When looking for air conditioning, don’t be confused by terms like energy efficiency, payback, life-cycle cost, R-value and more. Here’s how to go about getting a good A/C system without an engineer.

You have time before the next heat wave, so first consider measures to reduce the size of the system you need. Solar reflective roofing, insulated ceiling, ceiling fans, and if permissible, insulated walls, double-pane windows and light-colored exterior paint all help.



Energy efficiency is the amount of cooling capacity compared to electricity consumed for a given size system. Ideally, it would be equal, but in the real world it’s not possible. For residential systems, Seasonal Energy Efficiency Ratio (SEER), is used. This is energy output in British Thermal Units per Hour (BTUH) divided by energy input in watts. BTUH measures cooling capacity. An efficient unit will have a high SEER, more cooling capacity for a unit of electricity. Today, SEER minimum is 14.0, 16.0 to 20.0 mid-range, and 21 to 30.5 high efficiency.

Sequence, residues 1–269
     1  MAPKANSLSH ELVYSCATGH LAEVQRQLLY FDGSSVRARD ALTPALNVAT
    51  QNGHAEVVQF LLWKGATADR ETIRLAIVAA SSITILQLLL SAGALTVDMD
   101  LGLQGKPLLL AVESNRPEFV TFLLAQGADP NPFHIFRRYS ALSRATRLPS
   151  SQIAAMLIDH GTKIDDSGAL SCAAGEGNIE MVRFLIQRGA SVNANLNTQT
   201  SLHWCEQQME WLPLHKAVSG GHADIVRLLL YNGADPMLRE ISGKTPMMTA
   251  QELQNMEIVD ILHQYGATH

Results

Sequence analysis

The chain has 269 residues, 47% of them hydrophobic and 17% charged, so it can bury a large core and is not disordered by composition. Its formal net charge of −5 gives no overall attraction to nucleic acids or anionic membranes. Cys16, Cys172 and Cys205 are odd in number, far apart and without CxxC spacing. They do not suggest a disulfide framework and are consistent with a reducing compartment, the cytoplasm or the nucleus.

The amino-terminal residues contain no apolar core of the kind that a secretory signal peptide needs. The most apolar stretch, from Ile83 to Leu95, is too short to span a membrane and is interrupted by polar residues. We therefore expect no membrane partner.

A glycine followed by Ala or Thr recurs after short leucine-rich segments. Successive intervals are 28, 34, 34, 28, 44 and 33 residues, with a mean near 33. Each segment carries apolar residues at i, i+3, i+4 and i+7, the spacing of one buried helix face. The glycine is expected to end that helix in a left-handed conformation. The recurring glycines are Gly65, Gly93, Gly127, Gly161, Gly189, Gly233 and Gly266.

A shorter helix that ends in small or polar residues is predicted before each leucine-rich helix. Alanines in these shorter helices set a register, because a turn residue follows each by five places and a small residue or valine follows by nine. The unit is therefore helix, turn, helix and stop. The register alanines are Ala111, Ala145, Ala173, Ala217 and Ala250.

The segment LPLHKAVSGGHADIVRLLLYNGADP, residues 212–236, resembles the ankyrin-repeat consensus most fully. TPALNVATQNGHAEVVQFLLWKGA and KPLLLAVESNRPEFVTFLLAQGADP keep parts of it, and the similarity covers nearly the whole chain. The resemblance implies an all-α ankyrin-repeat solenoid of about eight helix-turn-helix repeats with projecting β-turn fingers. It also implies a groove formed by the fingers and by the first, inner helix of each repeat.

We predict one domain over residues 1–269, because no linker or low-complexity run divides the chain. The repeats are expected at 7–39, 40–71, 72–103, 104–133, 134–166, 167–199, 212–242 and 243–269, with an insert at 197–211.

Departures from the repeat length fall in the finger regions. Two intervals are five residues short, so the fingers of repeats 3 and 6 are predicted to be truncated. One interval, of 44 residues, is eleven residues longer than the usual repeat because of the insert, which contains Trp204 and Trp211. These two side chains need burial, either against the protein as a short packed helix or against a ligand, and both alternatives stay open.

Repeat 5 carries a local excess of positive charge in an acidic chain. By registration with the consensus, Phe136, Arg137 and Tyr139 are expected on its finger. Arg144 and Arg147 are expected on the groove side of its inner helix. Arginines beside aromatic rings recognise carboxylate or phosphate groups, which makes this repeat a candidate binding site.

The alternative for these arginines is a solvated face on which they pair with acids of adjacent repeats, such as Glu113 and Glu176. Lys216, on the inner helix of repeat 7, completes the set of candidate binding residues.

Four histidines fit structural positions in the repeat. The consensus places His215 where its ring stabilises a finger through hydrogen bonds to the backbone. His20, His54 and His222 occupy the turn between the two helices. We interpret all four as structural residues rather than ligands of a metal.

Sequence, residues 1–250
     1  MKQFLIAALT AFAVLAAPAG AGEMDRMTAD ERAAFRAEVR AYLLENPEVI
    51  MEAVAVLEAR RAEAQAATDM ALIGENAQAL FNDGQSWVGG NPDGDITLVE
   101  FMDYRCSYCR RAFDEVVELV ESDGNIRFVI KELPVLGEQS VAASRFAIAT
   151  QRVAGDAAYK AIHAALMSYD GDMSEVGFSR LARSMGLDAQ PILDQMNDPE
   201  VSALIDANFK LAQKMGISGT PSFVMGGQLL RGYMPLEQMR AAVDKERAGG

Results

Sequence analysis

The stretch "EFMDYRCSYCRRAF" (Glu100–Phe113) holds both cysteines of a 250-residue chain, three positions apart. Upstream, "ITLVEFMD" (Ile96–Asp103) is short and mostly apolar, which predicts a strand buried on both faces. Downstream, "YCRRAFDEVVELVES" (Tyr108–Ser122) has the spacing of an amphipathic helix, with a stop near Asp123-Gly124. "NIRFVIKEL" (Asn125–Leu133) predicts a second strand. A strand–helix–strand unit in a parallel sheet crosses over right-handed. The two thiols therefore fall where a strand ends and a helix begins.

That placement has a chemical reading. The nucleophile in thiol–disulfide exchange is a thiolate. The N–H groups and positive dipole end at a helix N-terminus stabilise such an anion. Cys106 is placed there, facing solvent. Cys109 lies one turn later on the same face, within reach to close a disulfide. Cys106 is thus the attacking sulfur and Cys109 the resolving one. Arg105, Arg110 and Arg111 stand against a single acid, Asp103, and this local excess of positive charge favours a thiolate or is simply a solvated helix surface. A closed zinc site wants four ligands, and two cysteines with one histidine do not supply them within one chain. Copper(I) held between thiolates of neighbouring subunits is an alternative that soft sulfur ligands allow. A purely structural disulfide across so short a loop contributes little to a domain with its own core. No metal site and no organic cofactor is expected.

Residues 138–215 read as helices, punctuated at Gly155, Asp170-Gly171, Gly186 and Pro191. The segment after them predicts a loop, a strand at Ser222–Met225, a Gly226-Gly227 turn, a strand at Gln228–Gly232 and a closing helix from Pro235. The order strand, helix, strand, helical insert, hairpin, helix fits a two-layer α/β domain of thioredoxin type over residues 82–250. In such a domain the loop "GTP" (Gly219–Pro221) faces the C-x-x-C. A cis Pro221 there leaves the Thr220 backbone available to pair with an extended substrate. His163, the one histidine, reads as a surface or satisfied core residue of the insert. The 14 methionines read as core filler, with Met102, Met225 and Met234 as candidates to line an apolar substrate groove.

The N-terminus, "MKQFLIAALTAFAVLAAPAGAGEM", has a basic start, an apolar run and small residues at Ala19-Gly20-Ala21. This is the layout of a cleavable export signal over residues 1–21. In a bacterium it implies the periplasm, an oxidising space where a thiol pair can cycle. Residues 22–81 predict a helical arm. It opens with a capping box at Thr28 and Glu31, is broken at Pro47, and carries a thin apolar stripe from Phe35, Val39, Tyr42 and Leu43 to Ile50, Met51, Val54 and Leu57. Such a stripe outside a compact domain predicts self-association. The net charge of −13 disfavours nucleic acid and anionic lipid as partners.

Payback and life cycle cost are similar. Life cycle cost computes the total cost of installing, operating and maintaining the air conditioning system over the full useful life, usually 10 years. The operation and maintenance of reputable brands are similar. So the difference is in the payback period, or the time it takes to recover initial cost difference of the more efficient unit over the less efficient. This is the savings in your electrical bill. For example, if the more efficient unit costs $1,600 more but saves $200 a month in your electrical bill over the less efficient model, the payback is $1,600 divided by $200 a month, which is eight months. After that, it’s pure operational savings.

Headquar tered in Kapolei, Carrier Hawaii is Hawaii’s largest air conditioning distributor. For more information, call (808) 677-6339 or visit CarrierHawaii. com.

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